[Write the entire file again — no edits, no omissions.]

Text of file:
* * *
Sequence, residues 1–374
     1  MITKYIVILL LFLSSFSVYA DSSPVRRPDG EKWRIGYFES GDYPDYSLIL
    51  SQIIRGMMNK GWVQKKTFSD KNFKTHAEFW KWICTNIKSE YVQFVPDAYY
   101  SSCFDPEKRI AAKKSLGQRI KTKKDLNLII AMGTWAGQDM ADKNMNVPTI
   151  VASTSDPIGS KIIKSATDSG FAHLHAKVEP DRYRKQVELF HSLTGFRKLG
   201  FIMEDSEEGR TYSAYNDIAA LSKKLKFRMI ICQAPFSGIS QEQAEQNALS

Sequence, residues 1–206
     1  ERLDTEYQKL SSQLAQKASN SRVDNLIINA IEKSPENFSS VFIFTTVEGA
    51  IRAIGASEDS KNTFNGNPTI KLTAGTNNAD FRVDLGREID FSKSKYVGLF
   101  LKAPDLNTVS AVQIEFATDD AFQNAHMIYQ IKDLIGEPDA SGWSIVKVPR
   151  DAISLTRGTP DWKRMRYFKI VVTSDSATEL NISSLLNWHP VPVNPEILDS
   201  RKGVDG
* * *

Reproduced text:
Sequence, residues 1–374
     1  MITKYIVILL LFLSSFSVYA DSSPVRRPDG EKWRIGYFES GDYPDYSLIL
    51  SQIIRGMMNK GWVQKKTFSD KNFKTHAEFW KWICTNIKSE YVQFVPDAYY
   101  SSCFDPEKRI AAKKSLGQRI KTKKDLNLII AMGTWAGQDM ADKNMNVPTI
   151  VASTSDPIGS KIIKSATDSG FAHLHAKVEP DRYRKQVELF HSLTGFRKLG
   201  FIMEDSEEGR TYSAYNDIAA LSKKLKFRMI ICQAPFSGIS QEQAEQNALS

Sequence, residues 1–206
     1  ERLDTEYQKL SSQLAQKASN SRVDNLIINA IEKSPENFSS VFIFTTVEGA
    51  IRAIGASEDS KNTFNGNPTI KLTAGTNNAD FRVDLGREID FSKSKYVGLF
   101  LKAPDLNTVS AVQIEFATDD AFQNAHMIYQ IKDLIGEPDA SGWSIVKVPR
   151  DAISLTRGTP DWKRMRYFKI VVTSDSATEL NISSLLNWHP VPVNPEILDS
   201  RKGVDG